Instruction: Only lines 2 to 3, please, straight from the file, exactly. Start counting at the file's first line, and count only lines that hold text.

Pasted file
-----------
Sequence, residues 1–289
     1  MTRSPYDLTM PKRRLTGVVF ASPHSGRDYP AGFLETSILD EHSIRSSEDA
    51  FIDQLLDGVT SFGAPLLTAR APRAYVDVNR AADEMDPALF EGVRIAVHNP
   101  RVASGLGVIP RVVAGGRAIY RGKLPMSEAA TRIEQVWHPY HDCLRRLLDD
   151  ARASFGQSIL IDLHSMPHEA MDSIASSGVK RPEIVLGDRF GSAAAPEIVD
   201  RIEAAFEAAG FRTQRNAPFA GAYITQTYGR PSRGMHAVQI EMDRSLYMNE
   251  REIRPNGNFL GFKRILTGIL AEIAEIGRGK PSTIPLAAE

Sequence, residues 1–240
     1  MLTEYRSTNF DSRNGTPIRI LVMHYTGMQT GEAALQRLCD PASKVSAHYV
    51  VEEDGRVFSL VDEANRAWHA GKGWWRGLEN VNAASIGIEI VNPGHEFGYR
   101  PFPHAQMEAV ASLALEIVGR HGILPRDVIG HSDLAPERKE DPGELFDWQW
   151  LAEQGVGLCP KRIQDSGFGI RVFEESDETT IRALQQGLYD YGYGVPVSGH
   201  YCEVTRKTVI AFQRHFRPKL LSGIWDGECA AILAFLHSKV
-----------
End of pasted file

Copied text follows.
     1  MTRSPYDLTM PKRRLTGVVF ASPHSGRDYP AGFLETSILD EHSIRSSEDA
    51  FIDQLLDGVT SFGAPLLTAR APRAYVDVNR AADEMDPALF EGVRIAVHNP